I'm getting ready to build a large shop cabinet. I saw it in a
woodworking magazine. ( American Woodworker, #91 December 2001).
It will take 4 full sheets of plywood.
I was considering finishing both sides of the plywood before I cut it.
It seems easier to do this than to put the finish on after the cabinet
is assembled with the associated hardware. I never see this process
suggested in magazine articles.
Am I missing something here? Does it mess up something else if I do
I don't care about the exposed piles. I could do that after the
installation was complete.
Anyone have any thoughts on this?
When prefinishing before cutting the panels you stand the chance of screwing
up the finish. For a shop cabinet that may not matter much. Prefinishing
also may becoming a problem at the glued up joints as glue prefers bare wood
to bond well.
A better approach may be to cut your panels, cut your dado's, groves, and
rabbets, and then perhaps prefinish keeping the finish out of the fresh cut
joints and taping off the surfaces that will mate inside those joints.
I know the cabinet that you are talking about. IIRC it has 2 outer fold out
doors and 2 inner fold out doors. Personally I would build each section and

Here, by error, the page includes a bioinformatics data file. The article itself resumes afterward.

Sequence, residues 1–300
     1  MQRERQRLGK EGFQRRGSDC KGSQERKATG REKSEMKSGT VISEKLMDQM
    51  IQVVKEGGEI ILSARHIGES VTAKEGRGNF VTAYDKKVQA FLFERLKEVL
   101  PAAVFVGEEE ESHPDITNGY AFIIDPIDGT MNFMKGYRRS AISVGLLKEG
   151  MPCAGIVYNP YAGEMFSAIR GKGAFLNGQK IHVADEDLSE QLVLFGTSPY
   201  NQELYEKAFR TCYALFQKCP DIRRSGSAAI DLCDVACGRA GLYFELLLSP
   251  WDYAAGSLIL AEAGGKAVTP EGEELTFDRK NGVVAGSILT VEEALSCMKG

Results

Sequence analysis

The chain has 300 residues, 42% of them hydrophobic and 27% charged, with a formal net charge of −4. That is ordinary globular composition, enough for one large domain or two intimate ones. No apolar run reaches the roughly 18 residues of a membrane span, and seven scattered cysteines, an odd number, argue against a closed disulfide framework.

prefinish and then add you hinges.
I just completed the same bench you're describing. Used Watco Danish oil to
finish the cabinet and top as it was completed (first the cabinet and then
both sides of the top before mounting it). I used 3/4" maple/birch plywood
for the entire cabinet since the cost was the same (it was on special at HD)
as regular 3/4" plywood. I also utilized maple vice birch for all the solid
stock as rough-cut maple is very cheap where I live. As for the top, I
followed the AW's instructions, but used full-length strips of wormy maple
rather that trying to work with off cuts as they did in the magazine
article. (Wormy maple cost me $.90/bd foot instead of $1.40/bd ft for clear
I also biscuited the strips (about three #10's per strip) to
ensure that they remained aligned during the glue up and clamping. Because
of the size and gluing area, I used a quart of glue just for the top.
Overall, I am most pleased with the bench, as it is large enough to use for
the assembly of large pieces. On the down side, the cost of this project is
rather insidious. After investing in such things as 2 vises, 6 casters, 10
glides, plywood, maple and even angle iron, I have at least $450 in the
project. However, AW's estimate is $900, so I guess I shouldn't complain.
Good luck and let me know if you'd like to see pictures of my production.
----- Original Message -----
Sent: Tuesday, May 04, 2004 11:03 AM
Subject: Prefinishing a shop cabinet
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